A four produced a thrilling battle royal between popular Francisco “The Cisco Kid” Bustos, 158 ½, Rockville, 7-0 (4), and tricky Jauvan John, 160 ½, Brooklyn via Newport News, 2-6-1, resulting in a close and fair decision. There was no boxing for points but rather a search & destroy mission by both combatants. Nearly every punch was thrown with bad intentions and both fighters were rocked back and forth. The flat-footed favorite landed the harder shots, but the more fluid underdog took some of the pop out of the blows with rolling movement. Meanwhile, the cruder Bustos walked into punches and would get rocked, killing his rallies. With both boxing southpaw, Jauvan beat Bustos to the punch with lefts in a wild first and had him in trouble, falling back into the corner padding to close the round. Early in the second, Francisco landed a left to rock Jauvan and then muscled the clutching John to the canvas for a knockdown. Going for the finish, Bustos was again rocked as action see-sawed, but shook it off and dealt out heavy punishment for the rest of a blistering round. Both were spent and slowed in the third, but still landing hard blows when they could summon the wind. The final round swirled with both battlers still looking for the home run when they could muster the energy. The unanimous verdict went to Bustos, 39-36 from Gradowski and 38-37 from the others. Bovell refereed.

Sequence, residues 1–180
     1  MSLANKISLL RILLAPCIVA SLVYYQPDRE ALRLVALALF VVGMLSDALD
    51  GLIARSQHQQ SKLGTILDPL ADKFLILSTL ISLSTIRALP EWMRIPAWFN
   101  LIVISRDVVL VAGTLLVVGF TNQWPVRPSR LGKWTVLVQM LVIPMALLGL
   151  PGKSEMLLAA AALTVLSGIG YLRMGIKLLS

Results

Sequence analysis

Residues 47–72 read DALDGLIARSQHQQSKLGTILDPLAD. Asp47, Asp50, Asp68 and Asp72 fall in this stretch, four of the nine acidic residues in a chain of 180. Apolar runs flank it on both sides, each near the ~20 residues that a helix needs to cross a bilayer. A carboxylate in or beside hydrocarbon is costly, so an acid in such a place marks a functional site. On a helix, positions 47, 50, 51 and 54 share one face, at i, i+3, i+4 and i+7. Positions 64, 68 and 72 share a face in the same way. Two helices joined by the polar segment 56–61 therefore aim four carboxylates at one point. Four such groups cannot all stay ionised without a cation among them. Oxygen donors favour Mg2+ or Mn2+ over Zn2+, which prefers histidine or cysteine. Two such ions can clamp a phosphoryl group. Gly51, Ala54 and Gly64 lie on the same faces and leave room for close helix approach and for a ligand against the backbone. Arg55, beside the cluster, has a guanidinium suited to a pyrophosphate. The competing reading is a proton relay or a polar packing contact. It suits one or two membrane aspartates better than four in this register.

In a good four, Rashad Kilpatrick, 145 ¾, Oxon Hill/Waldorf, 2-0 (1), gained a hard-earned unanimous decision from stubborn and better-than-record Lamont White, 144 ¾, La Plata, MD, via Wash., DC, 1-13 (1). The smaller underdog boxed out of a shell and relied on the surprise attack, while the favorite at times became frustrated and dangled his arms to draw Lamont out. With both fighters southpaws, White trapped Kilpatrick in a corner with one of his surprise eruptions and jarred him with a swiping right in the second. When Lamont tried the same tactic in the third, Kilpatrick outfought him on the inside and drove him back, then kept his distance and sharply picked his shots in the fourth to win a unanimous shutout.